So the Doctor was actually relieved when the Tardis received the distress call. It gave him something to do and kept his mind from worrying too much. By the look of the fast-shifting coordinates of the source, the call was most likely coming from a ship. Maybe the vessel was set adrift after an engine failure, or the crew was being hunted down by rampaging alien monsters. It didn't matter. The Doctor just wanted to save a life. Anyone's life. He couldn't save senator Pompous and his daughter Dea, and after the strange, ominous message he had received, he wasn't so sure that he could save the Master from himself either.

The Doctor needed to make himself useful. What he needed was a big juicy catastrophe, a terrible imminent disaster that he could control, outwit and reverse. Anything that could prove to him that not everything was lost.

Not yet.

Reaching their destination, the Tardis landed with the usual series of bumps and shakes. Then the movement stopped and the green glow from the core slowly dimmed, casting a shadow over the console room.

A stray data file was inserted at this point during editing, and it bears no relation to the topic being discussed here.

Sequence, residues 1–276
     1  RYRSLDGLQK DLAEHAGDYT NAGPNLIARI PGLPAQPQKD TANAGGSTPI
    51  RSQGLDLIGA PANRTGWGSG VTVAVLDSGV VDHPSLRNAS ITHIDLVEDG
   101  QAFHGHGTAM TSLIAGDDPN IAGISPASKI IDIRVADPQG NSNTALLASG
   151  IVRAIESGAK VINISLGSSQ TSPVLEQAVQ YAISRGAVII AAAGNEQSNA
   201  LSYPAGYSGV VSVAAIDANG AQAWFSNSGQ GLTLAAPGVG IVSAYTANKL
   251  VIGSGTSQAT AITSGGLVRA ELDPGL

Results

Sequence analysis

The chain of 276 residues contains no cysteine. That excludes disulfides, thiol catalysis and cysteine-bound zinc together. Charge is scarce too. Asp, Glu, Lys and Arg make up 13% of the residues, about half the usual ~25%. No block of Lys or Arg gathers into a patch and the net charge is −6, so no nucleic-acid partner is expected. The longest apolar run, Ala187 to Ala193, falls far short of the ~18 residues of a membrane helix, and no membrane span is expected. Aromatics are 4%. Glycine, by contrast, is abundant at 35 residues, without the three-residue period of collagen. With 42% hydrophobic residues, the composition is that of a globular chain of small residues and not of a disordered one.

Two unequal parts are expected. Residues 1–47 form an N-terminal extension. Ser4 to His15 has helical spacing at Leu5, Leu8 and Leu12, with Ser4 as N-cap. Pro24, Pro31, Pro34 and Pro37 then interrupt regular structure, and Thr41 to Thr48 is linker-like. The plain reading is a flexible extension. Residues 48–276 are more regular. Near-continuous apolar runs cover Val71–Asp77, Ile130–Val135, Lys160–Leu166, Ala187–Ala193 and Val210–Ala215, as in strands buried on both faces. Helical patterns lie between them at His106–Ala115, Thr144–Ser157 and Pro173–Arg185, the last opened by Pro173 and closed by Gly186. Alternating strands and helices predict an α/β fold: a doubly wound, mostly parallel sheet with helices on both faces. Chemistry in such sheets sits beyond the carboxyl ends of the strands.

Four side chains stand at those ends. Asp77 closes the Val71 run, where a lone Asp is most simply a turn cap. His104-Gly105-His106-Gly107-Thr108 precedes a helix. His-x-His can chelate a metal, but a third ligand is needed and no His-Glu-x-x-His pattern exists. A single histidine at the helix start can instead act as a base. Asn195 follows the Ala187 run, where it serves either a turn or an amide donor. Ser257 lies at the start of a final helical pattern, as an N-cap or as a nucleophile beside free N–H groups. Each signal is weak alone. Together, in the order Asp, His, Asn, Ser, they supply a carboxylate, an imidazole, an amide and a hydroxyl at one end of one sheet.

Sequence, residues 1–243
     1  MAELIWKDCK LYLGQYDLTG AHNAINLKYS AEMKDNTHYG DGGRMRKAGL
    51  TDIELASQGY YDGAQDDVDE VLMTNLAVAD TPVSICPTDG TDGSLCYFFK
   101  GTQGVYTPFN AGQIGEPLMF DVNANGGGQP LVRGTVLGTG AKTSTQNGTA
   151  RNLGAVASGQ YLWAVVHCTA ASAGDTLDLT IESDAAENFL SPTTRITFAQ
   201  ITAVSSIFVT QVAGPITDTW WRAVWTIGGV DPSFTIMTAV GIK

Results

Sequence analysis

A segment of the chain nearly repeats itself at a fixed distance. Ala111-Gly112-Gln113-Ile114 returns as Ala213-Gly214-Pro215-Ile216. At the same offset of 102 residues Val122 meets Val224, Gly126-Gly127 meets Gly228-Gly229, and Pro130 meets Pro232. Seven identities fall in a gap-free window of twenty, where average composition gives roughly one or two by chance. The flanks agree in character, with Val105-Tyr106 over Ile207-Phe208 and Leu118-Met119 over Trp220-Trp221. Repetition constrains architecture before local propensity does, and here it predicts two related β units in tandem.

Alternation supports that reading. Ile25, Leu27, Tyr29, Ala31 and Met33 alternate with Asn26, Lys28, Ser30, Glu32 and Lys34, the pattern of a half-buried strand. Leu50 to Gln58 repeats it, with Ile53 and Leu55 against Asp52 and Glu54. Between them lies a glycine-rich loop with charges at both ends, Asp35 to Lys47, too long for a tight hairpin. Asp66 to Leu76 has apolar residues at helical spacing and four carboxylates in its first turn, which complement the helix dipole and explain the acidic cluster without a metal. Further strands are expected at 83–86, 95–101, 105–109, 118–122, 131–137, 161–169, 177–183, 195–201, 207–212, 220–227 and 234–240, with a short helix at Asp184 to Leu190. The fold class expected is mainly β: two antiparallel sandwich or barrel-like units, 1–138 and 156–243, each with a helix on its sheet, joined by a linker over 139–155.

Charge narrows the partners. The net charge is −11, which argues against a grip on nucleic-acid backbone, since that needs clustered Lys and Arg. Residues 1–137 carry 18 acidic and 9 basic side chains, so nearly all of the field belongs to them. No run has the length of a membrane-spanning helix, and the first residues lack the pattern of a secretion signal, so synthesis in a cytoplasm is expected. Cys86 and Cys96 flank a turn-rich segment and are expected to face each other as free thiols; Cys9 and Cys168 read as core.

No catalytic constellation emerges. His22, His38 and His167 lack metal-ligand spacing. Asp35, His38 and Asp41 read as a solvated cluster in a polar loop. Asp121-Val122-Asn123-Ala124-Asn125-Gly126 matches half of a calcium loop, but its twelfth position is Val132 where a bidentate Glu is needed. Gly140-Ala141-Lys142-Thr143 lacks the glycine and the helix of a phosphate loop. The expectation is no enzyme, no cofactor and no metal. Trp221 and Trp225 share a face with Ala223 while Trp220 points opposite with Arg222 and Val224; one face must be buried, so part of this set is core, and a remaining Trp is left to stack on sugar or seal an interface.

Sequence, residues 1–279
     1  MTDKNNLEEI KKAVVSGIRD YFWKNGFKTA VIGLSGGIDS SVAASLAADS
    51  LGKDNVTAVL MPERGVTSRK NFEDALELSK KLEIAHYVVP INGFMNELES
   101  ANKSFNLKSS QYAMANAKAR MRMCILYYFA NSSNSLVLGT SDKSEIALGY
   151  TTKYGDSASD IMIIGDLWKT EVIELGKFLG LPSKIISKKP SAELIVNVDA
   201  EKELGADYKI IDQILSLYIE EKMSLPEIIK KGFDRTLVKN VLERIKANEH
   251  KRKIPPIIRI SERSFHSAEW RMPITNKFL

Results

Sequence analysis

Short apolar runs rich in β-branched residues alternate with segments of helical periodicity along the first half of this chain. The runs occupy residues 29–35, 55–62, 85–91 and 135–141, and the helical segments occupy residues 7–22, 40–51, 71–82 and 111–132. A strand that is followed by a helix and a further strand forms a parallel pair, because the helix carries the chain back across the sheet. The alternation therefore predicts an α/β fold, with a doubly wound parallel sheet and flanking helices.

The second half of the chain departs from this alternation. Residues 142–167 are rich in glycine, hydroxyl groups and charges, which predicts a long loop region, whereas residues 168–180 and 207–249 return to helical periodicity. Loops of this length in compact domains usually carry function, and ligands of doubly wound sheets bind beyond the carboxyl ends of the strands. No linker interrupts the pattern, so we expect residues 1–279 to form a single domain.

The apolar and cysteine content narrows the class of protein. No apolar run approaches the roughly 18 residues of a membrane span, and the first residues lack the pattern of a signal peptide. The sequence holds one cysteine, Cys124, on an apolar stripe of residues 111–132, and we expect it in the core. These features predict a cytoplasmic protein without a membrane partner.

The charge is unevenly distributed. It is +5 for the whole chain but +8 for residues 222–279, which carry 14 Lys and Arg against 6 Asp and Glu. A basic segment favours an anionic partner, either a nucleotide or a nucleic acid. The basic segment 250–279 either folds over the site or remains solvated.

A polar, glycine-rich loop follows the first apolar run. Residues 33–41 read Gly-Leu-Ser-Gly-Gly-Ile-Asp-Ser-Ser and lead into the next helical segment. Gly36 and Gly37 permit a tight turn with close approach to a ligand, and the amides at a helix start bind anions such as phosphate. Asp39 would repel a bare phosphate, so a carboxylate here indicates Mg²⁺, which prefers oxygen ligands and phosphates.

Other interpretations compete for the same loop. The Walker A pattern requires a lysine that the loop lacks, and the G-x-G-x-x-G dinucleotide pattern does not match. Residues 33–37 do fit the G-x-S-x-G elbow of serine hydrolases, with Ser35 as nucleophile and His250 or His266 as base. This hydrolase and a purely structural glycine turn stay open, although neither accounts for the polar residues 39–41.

"Right then." The Master said with a broad, fake grin, he waved carelessly. "Tah!"

The Master bolted for the Tardis doors, as long as he got rid of the Doctor, he wasn't giving a toss about what or whoever was out there. Surprisingly, the Doctor didn't come after him, but remained standing next to the Tardis console. Calmly, he crossed his arms over his chest and waited.

As soon as the Master put his hand on the door handle, an electric spark came off that made him recoil as if he had burned himself on a hot stove. His hand hurt, stung by hundreds of tiny little needles, and when he checked his palm, he noticed that it had been marked with the symbol of the Timelords. Horrified, he turned back to the Doctor.